Yes, that's a good point. Whenever I've tried to design DTDs I've
always ended up having no attributes but doing everything as
subelements, and it's interesting that another very rich & successful
markup language - CL - does everything as `subelements' except when
people like me try and make it mirror HTML.

> ... implying that I would normally have such information and use it when
> generating attribute/value or sub-element/contents.

Yes, that's the crucial information I don't have in my application.

--tim

Kent M Pitman

unread,
Aug 26, 2001, 8:50:58 AM8/26/01
to
Erik Naggum <er...@naggum.net> writes:

> I truly wonder what is so hard to understand about this.

I think in situations like this the answer is that you need to stay concrete.
One often can't say specifically why one finds something difficult or hard,
but one can generate a test case that is at their fringe. It was asked
whether

<foo bar="1"><bar>2</bar></foo>

would be represented as

(foo (bar 1) (bar 2))

and you've sort of hinted yes. You've made allusions to alists as a way
of understanding this, but as a sense of intuition, of course, that doesn't
help a Lisp programmer a lot since plainly an alist is about th leftmost
of each named thing, and people are uneasy about accessing the next-leftmost
element behind it--that usually violates some sense of a-list/stack discipline.

You haven't offered an operator whose goal is to be like destructuring-bind
and so to get around this, so the burden seems, to those looking on, to be
on the programmer to pick apart this structure manually and the set of tools
seems light. That's probably only an artifact of not seeing your tools,
rather than anyone's belief that you have no such tools.

Likewise you haven't shown any syntax which is, by loose analogy, the
equivalent of Lisp's arglist strangeness for keywords where you map a keyword
to a differently-named variable by doing
(lambda ((:foo fu) 3) fu)
It is by having an abstraction like this that you can assure the person
that the caller's name for things will not confuse the callee. I toyed with
coming up with an analogously absurd example for Lisp and the following
was my best go of it. If it seems unhelpful, just ignore it. But the point
is just to show that you can manage
(let ((weird 'ee) (apartheid 'ii) (pie 'ii) (pier 'ee))
(labels ((fn1 (&key ((:ei e)) ((:ie i))) (list 'ee e 'ii i))
(fn2 (&key ((:ie e)) ((:ei i))) (list 'ee e 'ii i))
(sort-by-sound (&rest keys &key (first-vowel-wins-p t)
&allow-other-keys)
(apply (if first-vowel-wins-p #'fn1 #'fn2)
:allow-other-keys t
keys)))
(list (sort-by-sound :first-vowel-wins-p t :ei 'weird :ie 'pie)
(sort-by-sound :first-vowel-wins-p nil :ei 'apartheid :ie 'pier))))
((EE WEIRD II PIE)
(EE PIER II APARTHEID))

That is, somehow you'd expect the external representation (:ie vs :ei) to
have a fixed effect on what two functiosnt that each have the same body
might return, but the arglist mappings (the "magic" in your example, of a
different kind than the "magic" here of &key, but still magic in a way)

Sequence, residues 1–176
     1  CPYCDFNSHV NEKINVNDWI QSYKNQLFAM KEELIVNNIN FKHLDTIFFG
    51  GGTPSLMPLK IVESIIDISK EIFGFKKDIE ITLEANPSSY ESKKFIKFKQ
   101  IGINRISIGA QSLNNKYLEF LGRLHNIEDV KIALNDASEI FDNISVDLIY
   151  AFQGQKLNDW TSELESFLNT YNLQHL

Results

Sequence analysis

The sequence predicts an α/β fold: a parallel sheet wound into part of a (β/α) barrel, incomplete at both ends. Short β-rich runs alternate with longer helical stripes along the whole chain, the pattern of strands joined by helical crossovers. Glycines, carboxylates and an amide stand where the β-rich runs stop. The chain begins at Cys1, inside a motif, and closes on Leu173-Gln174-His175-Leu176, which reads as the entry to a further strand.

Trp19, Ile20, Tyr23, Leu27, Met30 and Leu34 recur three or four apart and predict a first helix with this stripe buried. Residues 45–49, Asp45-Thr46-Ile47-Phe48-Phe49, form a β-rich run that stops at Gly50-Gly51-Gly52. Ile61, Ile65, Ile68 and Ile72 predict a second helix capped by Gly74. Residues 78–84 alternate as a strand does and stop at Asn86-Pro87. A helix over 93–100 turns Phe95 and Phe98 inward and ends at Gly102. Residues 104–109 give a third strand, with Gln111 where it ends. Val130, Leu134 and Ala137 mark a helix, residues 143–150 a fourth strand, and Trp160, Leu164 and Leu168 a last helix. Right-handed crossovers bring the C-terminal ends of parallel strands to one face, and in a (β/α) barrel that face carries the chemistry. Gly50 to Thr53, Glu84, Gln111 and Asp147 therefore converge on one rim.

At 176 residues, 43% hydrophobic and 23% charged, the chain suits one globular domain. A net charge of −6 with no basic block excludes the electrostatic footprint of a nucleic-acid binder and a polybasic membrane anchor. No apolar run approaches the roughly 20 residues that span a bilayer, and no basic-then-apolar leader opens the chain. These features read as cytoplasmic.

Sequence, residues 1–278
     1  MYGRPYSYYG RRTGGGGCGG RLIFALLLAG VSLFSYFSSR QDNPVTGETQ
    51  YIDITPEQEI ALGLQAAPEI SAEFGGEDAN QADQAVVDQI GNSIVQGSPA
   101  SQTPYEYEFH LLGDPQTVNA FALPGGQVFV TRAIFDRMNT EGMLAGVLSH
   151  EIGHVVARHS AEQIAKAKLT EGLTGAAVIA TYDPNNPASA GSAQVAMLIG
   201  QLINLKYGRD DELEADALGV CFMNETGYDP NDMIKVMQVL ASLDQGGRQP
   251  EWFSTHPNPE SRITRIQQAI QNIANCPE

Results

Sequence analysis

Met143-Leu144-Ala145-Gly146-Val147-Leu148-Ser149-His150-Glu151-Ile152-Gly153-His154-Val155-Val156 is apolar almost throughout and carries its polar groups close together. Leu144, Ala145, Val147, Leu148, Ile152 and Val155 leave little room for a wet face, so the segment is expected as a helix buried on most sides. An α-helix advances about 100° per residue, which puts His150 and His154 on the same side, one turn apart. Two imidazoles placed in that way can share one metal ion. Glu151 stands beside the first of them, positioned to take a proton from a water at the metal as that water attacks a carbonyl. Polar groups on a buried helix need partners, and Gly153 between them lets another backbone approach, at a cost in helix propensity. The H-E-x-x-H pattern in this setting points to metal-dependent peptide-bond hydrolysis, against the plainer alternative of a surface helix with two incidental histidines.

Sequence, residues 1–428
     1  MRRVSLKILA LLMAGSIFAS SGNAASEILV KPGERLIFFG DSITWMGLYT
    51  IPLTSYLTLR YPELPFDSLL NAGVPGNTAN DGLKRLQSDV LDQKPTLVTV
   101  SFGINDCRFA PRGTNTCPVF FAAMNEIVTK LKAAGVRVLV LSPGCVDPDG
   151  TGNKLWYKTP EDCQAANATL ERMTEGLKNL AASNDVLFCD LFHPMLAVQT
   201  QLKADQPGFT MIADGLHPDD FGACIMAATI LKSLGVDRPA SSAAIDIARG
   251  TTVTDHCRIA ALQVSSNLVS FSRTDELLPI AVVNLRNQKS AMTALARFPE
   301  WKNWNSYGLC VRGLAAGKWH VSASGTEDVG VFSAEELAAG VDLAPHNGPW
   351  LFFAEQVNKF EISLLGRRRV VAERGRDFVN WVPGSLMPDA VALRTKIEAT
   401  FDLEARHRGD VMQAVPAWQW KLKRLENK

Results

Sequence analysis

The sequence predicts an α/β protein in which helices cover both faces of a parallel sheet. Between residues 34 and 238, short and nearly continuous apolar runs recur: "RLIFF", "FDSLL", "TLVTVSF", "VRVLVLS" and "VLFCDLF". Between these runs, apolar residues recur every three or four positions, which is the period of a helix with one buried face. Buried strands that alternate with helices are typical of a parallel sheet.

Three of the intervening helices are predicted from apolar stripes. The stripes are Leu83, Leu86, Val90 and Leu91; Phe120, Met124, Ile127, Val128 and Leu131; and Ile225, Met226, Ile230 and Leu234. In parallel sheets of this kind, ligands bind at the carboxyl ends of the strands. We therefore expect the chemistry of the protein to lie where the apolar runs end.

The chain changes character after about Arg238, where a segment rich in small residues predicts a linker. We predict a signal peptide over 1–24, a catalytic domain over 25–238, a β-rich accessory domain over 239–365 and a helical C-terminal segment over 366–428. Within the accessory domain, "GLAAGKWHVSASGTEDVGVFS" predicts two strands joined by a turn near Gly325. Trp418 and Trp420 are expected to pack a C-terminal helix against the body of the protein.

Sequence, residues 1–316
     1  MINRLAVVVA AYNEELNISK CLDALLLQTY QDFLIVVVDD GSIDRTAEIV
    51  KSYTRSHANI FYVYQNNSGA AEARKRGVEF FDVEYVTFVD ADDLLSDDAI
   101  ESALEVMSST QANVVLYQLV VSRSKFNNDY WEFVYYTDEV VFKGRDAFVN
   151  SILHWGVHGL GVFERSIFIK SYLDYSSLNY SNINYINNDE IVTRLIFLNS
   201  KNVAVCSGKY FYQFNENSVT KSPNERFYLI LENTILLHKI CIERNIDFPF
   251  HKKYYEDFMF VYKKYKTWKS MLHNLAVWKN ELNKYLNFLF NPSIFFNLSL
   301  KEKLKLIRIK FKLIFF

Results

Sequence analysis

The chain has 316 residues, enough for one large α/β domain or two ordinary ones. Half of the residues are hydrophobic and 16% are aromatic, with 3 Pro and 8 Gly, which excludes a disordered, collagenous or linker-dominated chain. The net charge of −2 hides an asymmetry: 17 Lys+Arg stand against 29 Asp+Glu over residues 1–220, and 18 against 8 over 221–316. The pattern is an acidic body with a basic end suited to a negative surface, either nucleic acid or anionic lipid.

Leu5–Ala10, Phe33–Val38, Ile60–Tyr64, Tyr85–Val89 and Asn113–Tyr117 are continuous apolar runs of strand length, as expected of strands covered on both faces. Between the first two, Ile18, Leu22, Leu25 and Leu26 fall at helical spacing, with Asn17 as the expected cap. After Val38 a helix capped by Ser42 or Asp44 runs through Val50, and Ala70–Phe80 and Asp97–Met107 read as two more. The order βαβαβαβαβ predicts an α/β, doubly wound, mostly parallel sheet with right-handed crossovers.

manage to sort things out. It isn't their behavior but the cross-bar you
plug between them that is doing something cool, and people don't see what
that cool thing is, probably only for lack of specificity rather than
disbelief that what you say might be true. Just as my example above is ho-hum
to a Lisp programmer, not mysterious, once they understand how keyargs work.

I think it would help if you posted the NML which helps you manipulate
these, and perhaps a small code fragment that showed an end-to-end use
of constructing an expression in Lisp and having it appear in the XML with
this notation Boris suggests, and the reverse. Then people would be
talking concrete still.

Rob Warnock

unread,
Aug 26, 2001, 10:05:43 AM8/26/01
to
Erik Naggum <er...@naggum.net> wrote:
+---------------

| * Boris Schaefer <bo...@uncommon-sense.net>
| > Well, I agree that in most cases you will know whether something was
| > an attribute or contents, when you're processing it, but what about:
| > <foo bar="1"><bar>2</bar></foo>
...

| > (foo (bar 1) (bar 2))
| > I don't see how you can distinguish attributes and contents in this case,
| > and how you can translate this back into the same XML. ...
...

| Case in point: An element has a fixed number of attributes. That is
| reflected in a fixed length of the association list that makes up the
| attributes. Attributes are not repetable and not omissible, so if there
| are n attributes in the attribute list for an element, there will be n
| conses with attributes in the cdr of the element representation. There
| are no two ways about this. It is completely and irrevocably unambiguous.
+---------------

While not repeatable, attributes *are* omissible if the DTD for those
attribute contains either default values or the "#IMPLIED" status keyword,
are they not? So if the DTD said:

<!ELEMENT foo (bar | PCDATA)*>
<!ATTLIST foo bar NUMBER #IMPLIED>

that is, the "foo" element has an optional "bar" attribute *and* also
allows an arbitrary number of "bar" sub-elements, then (foo (bar 1) (bar 2))
*would* be ambiguous.

I see two obvious ways to preserve the simplicity you seek:

1. Do what CL does for declarations, that is, reserve a symbol to
tag lists of attributes (like "declare" does), which are optional,
but if present may only appear before all non-attribute subforms: